San Diego Surf Dog Ricochet dies at 15

Ricochet the Surf Dog walks along the beach with her guardian, Judy Fridono. Photo provided by Judy Fridono

By SDCN Editor

San Diego, CA–Surf Dog Ricochet, the legendary first-ever canine-assisted surf therapy dog and certified goal-directed therapy dog has made the journey to Rainbow Bridge. She was 15 years old.

Ricochet was diagnosed with liver cancer in August of 2022 but wasn’t showing symptoms until Friday afternoon when Judy Fridono, her guardian noticed Ricochet was panting very hard and shivering.

Ricochet was taken to the Emergency Room at Veterinary Specialty Hospital in North County. The doctors did an ultrasound which revealed a rupture in her liver mass/cancer which caused inflammation and pain in her organs, fluid in her stomach, and gas in her liver. The aspirate showed a lot of bacteria which caused sepsis. Sepsis is ruthless and continues to get worse until the organs shut down.

The sepsis came on so fast and fortunately, she didn’t have to suffer through it because, around 10 p.m. last night, Fridono let her go.

“I made a promise to Ricochet a long time ago that I wouldn’t let her suffer. She took her first breath in my hand when she was born… and she took her last breath in my hand yesterday,” Fridono said.

Reflecting on her impact that spans 15 years, Ricochet’s accomplishments are many. She became the first-ever canine-assisted surf therapy dog in 2009 when she jumped on the board of a 15-year-old boy with a spinal cord injury and instinctively balanced it.

A video of the surf session went viral and has over 6.6 million views because it brings most people to tears. Catching that first wave with Patrick launched her life purpose.

She started on the ground floor of adaptive surfing and had been involved in the movement ever since. She surfed with kids with special needs, wounded warriors, adaptive surfers, a goat, pro surfers, and more.

But her greatest triumph was working as a goal-directed therapy dog for Pawsitive Teams and the Naval Medical Center San Diego. She was committed to changing and saving the lives of service members and veterans with PTSD, trauma, anxiety, and other emotional challenges.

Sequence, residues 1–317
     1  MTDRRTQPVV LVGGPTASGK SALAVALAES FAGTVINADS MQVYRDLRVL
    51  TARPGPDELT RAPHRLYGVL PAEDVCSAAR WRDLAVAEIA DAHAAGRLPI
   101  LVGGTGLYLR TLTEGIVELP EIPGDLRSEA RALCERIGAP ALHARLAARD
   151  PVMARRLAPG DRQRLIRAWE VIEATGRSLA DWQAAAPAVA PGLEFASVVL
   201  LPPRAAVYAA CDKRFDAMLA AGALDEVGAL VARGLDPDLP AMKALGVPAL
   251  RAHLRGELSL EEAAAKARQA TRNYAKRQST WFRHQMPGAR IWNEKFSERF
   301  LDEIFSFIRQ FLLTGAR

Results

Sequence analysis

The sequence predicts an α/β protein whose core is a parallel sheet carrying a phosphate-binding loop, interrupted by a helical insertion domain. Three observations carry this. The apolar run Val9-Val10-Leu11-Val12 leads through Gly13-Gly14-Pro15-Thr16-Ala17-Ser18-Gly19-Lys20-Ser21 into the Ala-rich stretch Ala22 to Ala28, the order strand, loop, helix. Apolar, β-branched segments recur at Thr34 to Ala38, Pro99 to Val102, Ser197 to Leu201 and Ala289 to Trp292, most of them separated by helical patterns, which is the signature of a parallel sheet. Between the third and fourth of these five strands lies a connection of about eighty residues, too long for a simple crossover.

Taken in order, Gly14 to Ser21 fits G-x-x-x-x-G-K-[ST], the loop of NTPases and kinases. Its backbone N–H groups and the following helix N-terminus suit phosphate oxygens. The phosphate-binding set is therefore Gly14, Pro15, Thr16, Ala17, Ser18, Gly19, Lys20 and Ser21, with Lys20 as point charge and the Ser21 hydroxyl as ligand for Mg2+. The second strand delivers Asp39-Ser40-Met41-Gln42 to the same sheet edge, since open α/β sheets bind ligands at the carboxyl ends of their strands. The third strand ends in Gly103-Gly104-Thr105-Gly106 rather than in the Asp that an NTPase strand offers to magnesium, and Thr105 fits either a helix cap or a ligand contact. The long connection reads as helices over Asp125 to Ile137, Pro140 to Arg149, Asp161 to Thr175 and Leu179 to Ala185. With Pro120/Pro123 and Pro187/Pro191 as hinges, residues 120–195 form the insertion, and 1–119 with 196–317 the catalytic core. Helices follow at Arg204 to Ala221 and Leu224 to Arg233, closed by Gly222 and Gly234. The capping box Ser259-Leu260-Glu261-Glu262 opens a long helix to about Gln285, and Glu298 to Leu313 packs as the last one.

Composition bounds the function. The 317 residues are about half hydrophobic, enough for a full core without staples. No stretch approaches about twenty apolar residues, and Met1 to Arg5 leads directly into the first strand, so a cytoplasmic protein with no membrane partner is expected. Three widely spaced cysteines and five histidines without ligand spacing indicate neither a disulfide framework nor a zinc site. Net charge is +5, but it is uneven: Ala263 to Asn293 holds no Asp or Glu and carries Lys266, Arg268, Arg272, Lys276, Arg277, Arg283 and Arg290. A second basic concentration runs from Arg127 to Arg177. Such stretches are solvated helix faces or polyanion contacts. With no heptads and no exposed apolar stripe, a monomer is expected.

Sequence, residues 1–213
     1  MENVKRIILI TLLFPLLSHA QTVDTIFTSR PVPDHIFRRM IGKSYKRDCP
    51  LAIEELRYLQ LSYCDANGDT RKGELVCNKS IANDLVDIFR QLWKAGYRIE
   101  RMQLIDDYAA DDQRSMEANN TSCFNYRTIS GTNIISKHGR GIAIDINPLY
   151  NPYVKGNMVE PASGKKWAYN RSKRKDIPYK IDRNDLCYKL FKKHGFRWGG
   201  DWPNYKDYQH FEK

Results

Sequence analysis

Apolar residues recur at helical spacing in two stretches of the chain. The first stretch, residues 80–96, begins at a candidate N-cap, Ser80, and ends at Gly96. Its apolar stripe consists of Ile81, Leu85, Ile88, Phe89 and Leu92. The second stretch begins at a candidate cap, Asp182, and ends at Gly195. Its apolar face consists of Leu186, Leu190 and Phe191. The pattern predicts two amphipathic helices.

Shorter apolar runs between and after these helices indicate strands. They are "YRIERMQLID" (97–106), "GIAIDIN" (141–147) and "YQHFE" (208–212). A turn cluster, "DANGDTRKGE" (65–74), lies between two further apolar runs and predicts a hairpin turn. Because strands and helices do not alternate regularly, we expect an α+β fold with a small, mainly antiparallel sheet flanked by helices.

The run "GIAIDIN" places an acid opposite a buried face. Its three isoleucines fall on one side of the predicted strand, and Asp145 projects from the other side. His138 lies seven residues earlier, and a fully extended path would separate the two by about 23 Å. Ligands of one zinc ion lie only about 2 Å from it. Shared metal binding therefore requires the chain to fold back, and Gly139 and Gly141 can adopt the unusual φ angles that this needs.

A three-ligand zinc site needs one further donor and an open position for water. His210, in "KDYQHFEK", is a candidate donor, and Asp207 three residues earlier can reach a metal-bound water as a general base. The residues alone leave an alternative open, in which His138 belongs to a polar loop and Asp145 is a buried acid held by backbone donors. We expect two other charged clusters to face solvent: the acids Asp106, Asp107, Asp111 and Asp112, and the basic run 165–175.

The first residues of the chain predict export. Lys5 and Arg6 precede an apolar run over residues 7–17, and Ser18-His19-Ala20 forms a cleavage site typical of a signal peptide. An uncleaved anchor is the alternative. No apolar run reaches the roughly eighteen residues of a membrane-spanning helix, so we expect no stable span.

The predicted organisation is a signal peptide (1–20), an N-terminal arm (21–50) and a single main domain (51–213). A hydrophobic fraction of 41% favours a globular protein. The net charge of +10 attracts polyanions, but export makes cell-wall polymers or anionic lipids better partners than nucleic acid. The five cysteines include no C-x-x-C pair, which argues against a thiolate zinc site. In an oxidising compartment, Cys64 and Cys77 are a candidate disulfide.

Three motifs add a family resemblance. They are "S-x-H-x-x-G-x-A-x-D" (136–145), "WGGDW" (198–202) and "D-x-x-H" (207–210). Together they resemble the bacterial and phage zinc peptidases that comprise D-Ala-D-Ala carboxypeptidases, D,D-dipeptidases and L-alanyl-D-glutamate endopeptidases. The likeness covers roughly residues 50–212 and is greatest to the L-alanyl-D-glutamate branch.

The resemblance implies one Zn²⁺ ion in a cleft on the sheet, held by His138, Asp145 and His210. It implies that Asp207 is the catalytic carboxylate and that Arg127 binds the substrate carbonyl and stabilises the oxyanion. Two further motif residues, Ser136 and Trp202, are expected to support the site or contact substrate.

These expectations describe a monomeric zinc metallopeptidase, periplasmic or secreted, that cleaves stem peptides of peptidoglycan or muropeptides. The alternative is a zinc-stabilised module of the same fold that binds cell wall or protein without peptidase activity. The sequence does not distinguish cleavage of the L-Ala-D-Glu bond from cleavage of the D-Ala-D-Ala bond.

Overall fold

She was extremely intuitive and could find the one person who needed healing in a room full of hundreds. She also made a difference through her healing abilities and awareness raising of many causes including kids with special needs, people with different abilities, wounded warriors, military with PTSD, ill or injured service members, families of the fallen, individuals facing challenging life circumstances, crisis situations, and homeless animals.

Ricochet’s other accomplishments include raising $1 million dollars for charity and 1 million bowls of food for homeless animals. She starred in an IMAX film called Superpower Dogs, was featured in a book called “Ricochet: Riding a Wave of Hope with the Dog Who Inspires Millions” and was included in 20 other books. She was featured in scores of TV shows and hundreds of news media outlets.

She also won many awards such as an American Humane Association Hero Dog Award, ASPCA’s Dog of The Year, The American Red Cross Hero award, the AKC’s Award For Canine Excellence, and many more. She was popular on social media with 268K followers on Facebook and 141K on Instagram.

Ricochet’s legacy will live on through the sponsorship of Jose Martinez, an army veteran, and parasurfer, as well as Team USA adaptive surfers and other adaptive surfing organizations.

The pups who have become surf therapy dogs after being inspired by Ricochet will continue in her paw steps. And Fridono will teach other therapy dog teams everything she learned from Ricochet regarding the healing power of dogs.

Thanks to Ricochet’s supporters she has been able to make a difference in the landscape of various organizations and people’s lives.

“People believe in Ricochet’s mission… she didn’t do it alone,” Fridono said. “Her supporters are an extension of her legacy and her roots in philanthropy and helping others heal through canine intervention and therapy. Now that she’s gone, I don’t want people to be sad, I want them to celebrate and continue supporting what she started.”

To view Ricochet’s community service, visit



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